The following is in Salon today: [W]hat if the downward trend in learning extends into the echelons of higher education? That’s what Richard Arum argues in “Academically Adrift: Limited Learning on College Campuses.” Arum, a sociology and education professor at … Continue reading

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Solar Roofs over Parking Lots Are Going Viral in California and The Southwest

This is in the New York Times this week: Ersatz roofs made of solar panels have sprouted above dozens of school parking lots in the state [of California], altering vistas and promoting a philosophy of green thinking among the young. Yet … Continue reading

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The Case against Dumbing Down

I don’t know about you, but I’m totally against dumbing down subjects or language use before my students. I believe, for example, that if the undergraduates sitting before me in a class have limited vocabularies (and they all invariably do), it’s … Continue reading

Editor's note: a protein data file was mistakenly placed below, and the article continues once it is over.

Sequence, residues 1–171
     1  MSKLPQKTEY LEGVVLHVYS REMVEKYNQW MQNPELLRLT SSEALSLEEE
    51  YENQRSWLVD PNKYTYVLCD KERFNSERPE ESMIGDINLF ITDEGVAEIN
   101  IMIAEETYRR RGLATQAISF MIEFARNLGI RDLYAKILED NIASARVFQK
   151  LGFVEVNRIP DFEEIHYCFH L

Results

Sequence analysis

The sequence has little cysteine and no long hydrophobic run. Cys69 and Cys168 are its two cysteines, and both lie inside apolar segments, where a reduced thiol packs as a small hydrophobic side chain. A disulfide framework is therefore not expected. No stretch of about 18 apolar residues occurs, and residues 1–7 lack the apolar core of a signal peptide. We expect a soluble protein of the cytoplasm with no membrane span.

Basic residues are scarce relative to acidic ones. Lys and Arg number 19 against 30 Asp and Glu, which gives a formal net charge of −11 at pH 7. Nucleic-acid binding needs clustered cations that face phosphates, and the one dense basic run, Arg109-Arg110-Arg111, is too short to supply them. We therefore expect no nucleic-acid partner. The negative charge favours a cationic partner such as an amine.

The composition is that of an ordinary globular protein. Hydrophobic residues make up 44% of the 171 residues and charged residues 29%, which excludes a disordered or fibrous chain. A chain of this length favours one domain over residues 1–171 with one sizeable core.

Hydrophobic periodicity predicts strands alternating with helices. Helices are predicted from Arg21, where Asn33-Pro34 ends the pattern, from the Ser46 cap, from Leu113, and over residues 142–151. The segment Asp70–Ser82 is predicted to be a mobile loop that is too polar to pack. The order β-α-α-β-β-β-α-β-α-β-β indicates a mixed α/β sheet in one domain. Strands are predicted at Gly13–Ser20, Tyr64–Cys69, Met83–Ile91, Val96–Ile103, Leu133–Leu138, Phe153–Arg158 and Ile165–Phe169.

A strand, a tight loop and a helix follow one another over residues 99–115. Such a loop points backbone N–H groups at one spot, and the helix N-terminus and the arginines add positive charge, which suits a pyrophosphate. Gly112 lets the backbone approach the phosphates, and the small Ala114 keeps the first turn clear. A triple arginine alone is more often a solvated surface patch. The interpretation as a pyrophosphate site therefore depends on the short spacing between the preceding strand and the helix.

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Sarah Palin’s America

The Sarah Palin life model is internalized by a child:

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Why Read Literature or Watch Good Films? Martha Nussbaum on the Role of the Imagination in the Cultivation of Empathy

Here’s a great quote from Martha Nussbaum’s new book, From Disgust to Humanity: Sexual Orientation and Constitutional Law  (Oxford 2010, xvii): That ‘terrified’ gay teenager needs, and deserves, equal respect, and a sphere of liberty equal to that enjoyed by … Continue reading

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Aristotle on (what ought to be) a source of social shame